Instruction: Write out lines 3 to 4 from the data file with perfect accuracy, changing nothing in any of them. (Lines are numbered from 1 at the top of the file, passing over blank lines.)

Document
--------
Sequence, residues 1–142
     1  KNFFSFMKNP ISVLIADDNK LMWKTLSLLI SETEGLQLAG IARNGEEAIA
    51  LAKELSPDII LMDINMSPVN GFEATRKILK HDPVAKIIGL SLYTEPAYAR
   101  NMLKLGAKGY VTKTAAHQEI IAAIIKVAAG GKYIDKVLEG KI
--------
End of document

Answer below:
    51  LAKELSPDII LMDINMSPVN GFEATRKILK HDPVAKIIGL SLYTEPAYAR
   101  NMLKLGAKGY VTKTAAHQEI IAAIIKVAAG GKYIDKVLEG KI